- It is recommended that you use a mild soap and lukewarm water to wash with, as very hot or cold water may worsen acne. Do not wash more than you normally do. You cannot clean off blackheads.
- During your treatment your doctor may ask you to use another (non-antibiotic) skin preparation from time to time. It is important that you follow your doctor's advice, as this is to help prevent your spots from becoming resistant to treatment.
Can clindamycin skin preparations cause problems?
Along with their useful effects, most medicines can cause unwanted side-effects although not everyone experiences them. The table below contains some of the most common ones associated with clindamycin when used on the skin. You will find a full list in the manufacturer's information leaflet supplied with your medicine. The unwanted effects often improve as your body adjusts to the new medicine, but speak with your doctor or pharmacist if any of the following continue or become troublesome.
|Very common clindamycin side-effects (these affect more than 1 in 10 people)
||What can I do if I experience this?|
|Skin irritation, itching, dryness or oiliness||Stop using the preparation for a day or so to allow your skin to recover. These effects usually reduce as your skin gets used to the preparation, but if they continue or become troublesome, you should speak with your doctor|
|Less common clindamycin side-effects||What can I do if I experience this?|
|Diarrhoea||Contact your doctor for further advice before applying any more of the preparation|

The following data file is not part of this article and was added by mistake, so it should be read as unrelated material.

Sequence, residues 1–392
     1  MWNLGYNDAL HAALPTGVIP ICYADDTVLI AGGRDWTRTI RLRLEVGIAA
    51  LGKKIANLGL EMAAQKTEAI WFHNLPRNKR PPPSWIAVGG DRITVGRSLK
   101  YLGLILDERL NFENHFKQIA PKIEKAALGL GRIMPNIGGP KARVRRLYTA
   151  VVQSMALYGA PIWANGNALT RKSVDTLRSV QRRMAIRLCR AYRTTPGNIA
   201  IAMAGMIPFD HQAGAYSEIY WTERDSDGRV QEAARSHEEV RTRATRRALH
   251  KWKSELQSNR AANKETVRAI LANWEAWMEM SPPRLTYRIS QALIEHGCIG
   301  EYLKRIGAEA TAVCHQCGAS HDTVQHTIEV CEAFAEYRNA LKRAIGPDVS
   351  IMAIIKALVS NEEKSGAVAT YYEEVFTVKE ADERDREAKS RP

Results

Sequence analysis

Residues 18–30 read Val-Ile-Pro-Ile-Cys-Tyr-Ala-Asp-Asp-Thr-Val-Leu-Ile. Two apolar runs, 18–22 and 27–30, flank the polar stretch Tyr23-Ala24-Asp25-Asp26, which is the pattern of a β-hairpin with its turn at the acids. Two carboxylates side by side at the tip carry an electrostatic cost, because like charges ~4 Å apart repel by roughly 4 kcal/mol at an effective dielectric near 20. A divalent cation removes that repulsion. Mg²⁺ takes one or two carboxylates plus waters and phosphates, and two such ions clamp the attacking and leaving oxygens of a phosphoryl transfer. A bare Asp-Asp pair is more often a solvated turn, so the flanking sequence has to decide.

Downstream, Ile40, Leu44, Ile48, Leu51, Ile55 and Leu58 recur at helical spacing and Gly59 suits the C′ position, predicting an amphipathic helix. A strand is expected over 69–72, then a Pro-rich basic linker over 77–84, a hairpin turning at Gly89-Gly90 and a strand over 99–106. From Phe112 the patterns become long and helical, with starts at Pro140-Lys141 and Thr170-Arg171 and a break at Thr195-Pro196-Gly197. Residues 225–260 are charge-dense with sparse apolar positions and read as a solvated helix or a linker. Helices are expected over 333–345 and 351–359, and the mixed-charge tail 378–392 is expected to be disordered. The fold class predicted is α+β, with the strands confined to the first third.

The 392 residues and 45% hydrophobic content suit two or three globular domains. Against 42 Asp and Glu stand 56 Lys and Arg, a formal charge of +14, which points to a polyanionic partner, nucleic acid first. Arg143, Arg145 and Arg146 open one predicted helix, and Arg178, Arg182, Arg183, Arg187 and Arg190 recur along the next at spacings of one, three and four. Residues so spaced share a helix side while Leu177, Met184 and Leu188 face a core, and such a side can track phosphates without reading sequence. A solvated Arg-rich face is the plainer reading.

If you experience any other symptoms which you think may be due to the preparation, speak with your doctor or pharmacist.
How to store clindamycin skin preparations
- Keep all medicines out of the reach and sight of children.
- Store in a cool, dry place, away from direct heat and light.
Important information about all medicines
This preparation is for external use only. If someone swallows some of it, go to the accident and emergency department of your local hospital. Take the container with you, even if it is empty.
If you buy any medicines, check with a pharmacist that they are safe to take with your other medicines.
If you are having an operation or dental treatment, tell the person carrying out the treatment which medicines you are taking or using.
This preparation is for you. Never give it to other people, even if their condition appears to be the same as yours.
Do not keep out-of-date or unwanted medicines. Take them to your local pharmacy which will dispose of them for you.
If you have any questions about this preparation, ask your pharmacist for further advice.
Further reading and references
Manufacturer's PIL, Dalacin® T Topical Solution/Topical Lotion; Pfizer Limited, The electronic Medicines Compendium. Dated November 2014.
British National Formulary 73rd Edition (Mar 2017); British Medical Association and Royal Pharmaceutical Society of Great Britain, London.
So.. I'm 16, and I've had really bad acne ever since puberty. Around 12, if I'm not mistaken. I think it's hereditary, since my older brother (4 years older than me) and my older cousin (<1 year...araph